IAS Fellows’ Public Lecture – “Race-mixing” and the Fall of Rome: how eugenics helped shape the modern study of classical antiquity, by Professor Denise McCoskey
October 25 @ 5:30 pm - 6:30 pm
IAS Fellows’ Public Lecture by Professor Denise McCoskey (Miami University)
Since its emergence as a professional practice, the field of classics has often applied contemporary ideologies about race to study of the ancient world. This lecture will examine some of the specific ways the modern eugenics movement helped shape classical scholarship in the early twentieth century. Stemming from racial science and its attendant panic about “race-mixing” and “racial decline,” eugenics—a term derived from ancient Greek and meaning “well born”—proposed that selective breeding could be used to ensure the general “improvement” of human populations. While the influence of eugenics can be seen in many areas of classical studies of the time, as this lecture will demonstrate, it was especially prominent in the attempts made by classical scholars to explain what they considered ancient Rome’s precipitous “fall.” The dangerous legacy of such methods for interpreting classical antiquity will also be discussed, a topic that requires considerable reflection on the part of classical scholars given both the recent and unsettling re-emergence of racial science and the current use of Greek and Roman antiquity in a range of political narratives.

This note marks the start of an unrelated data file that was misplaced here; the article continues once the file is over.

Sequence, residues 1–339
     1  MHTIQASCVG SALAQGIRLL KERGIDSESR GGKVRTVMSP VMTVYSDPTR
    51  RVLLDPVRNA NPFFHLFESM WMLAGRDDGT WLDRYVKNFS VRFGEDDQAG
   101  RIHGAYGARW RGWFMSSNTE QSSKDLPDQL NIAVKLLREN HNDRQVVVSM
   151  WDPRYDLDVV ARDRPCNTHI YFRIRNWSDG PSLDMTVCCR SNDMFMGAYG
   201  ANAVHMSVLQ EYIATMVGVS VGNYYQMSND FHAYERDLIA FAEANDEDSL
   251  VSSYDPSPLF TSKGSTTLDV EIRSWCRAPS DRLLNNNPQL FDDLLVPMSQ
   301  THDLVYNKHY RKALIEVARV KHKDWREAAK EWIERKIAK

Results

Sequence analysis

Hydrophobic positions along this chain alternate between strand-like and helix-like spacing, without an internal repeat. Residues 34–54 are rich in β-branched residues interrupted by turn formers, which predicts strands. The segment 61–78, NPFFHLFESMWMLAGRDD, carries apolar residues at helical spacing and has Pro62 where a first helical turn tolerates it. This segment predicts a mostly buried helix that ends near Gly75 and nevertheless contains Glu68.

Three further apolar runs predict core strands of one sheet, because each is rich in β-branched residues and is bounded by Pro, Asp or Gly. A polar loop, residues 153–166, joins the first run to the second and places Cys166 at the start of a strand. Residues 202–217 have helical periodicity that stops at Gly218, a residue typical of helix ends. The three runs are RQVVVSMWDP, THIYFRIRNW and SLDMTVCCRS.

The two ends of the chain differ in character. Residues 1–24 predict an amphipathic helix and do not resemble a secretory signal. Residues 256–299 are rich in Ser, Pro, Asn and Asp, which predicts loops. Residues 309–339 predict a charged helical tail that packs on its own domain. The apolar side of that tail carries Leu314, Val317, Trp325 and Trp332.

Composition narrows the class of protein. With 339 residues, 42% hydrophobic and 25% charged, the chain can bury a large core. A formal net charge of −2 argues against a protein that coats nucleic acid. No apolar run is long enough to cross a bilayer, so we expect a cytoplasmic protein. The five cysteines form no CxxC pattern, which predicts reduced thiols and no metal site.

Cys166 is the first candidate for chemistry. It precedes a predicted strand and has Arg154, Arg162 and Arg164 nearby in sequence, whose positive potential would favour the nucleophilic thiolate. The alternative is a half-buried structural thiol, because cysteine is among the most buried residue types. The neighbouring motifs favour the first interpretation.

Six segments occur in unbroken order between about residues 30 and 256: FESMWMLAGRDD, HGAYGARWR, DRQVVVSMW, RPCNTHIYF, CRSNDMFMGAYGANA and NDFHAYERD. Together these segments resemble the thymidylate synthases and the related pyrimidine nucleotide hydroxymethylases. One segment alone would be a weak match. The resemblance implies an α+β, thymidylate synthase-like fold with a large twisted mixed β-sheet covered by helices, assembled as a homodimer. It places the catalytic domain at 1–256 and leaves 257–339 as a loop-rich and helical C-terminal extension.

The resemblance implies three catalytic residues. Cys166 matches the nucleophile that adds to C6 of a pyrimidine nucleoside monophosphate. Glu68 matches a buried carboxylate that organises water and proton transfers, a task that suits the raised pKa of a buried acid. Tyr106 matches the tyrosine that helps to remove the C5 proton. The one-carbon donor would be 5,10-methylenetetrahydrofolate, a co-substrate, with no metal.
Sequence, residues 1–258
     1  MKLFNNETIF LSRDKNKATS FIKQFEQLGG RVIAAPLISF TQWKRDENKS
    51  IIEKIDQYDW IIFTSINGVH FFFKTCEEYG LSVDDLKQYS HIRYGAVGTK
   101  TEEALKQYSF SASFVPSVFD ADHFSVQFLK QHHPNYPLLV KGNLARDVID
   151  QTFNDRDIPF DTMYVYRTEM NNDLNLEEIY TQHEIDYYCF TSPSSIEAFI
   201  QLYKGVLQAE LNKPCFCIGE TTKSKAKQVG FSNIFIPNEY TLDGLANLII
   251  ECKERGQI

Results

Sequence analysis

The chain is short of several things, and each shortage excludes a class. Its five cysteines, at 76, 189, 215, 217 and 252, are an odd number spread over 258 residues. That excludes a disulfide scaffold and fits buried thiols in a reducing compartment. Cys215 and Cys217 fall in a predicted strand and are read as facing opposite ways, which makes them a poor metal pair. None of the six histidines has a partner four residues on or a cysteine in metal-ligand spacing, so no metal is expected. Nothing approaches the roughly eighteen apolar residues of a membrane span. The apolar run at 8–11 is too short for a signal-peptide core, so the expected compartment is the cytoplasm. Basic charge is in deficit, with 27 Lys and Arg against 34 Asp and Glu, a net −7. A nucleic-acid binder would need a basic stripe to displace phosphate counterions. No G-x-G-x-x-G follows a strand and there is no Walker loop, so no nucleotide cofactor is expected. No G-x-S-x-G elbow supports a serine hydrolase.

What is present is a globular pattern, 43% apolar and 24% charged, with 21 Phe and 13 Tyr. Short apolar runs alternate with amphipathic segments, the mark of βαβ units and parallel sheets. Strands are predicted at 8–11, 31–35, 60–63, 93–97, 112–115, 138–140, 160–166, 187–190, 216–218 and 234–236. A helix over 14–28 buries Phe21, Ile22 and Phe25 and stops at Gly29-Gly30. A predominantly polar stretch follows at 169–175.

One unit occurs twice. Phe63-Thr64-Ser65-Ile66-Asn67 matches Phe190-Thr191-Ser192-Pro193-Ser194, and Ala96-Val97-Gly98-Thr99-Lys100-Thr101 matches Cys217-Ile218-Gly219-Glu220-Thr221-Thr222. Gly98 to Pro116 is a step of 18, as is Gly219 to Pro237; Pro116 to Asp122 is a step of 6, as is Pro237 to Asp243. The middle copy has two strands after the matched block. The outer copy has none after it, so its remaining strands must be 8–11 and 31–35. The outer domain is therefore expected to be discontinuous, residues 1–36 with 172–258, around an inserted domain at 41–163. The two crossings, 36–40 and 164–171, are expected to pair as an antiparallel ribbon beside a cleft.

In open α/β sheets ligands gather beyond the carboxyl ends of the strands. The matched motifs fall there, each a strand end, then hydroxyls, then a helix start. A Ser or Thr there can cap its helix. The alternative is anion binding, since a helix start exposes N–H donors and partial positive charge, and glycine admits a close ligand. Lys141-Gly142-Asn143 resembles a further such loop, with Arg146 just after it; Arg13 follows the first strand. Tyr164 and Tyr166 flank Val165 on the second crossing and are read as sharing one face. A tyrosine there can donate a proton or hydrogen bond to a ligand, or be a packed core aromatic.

This lecture is free and open to all. Registration is not required to attend in person.